Those who hate footie — Americans mostly who need constant action to engage them — don’t grasp the slow build drama of a soccer match. In England, every year, there are tournaments (the FA Cup, the Carabo Cup) where lesser teams from the lower leagues get to play against teams from the EPL Occasionally, the lesser teams flirt with jaw-dropping upsets. If a team can play solid, organized defense, they’ll always stand a chance. Keeping a clean sheet guarantees you at least a tie.

If you can score on a counter attack — then you have a chance to win, too. That’s the gamble. There’s another tool in the underdog’s belt though — chaos. For all its organization — with players keeping their shape and knowing where they need to be — a soccer game’s outcome can rely on the pure chaos unleashed when a corner kick gets taken.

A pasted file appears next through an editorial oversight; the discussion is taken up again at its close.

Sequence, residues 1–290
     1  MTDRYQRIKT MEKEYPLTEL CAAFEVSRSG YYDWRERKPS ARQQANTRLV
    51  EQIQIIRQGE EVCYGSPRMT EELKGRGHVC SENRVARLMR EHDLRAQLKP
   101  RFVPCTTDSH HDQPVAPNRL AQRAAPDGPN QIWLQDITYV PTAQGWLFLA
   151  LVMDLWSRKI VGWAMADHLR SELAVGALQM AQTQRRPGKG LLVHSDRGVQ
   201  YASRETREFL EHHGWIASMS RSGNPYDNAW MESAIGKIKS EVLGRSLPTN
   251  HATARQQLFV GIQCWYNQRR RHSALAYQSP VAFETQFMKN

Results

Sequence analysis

Provided the attacking team’s goalie stays in his or her goal, that puts ten players trying to put the ball into the net against eleven players trying to stop the ball — and, hopefully either clear it out of the box to buy some time to regroup or initiate a counter strike because the attacking team’s defense is, for the moment, out of position. As much as teams may practice set plays, the circumstances at the time of any particular corner kick are unique to that game and everything that led to that corner kick.

If the player taking the corner kick lofts the ball into the box, here’s what happens: 21 bodies suddenly go into motion in 21 different directions. The kick could be well taken or not well taken — that, too, is part of the chaos. Weather conditions also impact what’s happening inside the box. Rain, for instance, can make getting traction harder. It can change the purchase a player going for a header gets as he digs his spikes into the turf and leaps. Wind can knock a ball down fractionally, change its arc just enough to impact all the players’ timing.

Anything can happen. A lesser player can score a goal just by being in the right place at the right time. He or she doesn’t even have to put the ball goal-ward with a drop of skill. The ball can reflect off them and into the net. It can hit them — then hit another player (altering the ball’s flight) before slipping past the goalie. The ball can even bounce off a defender and into the goal.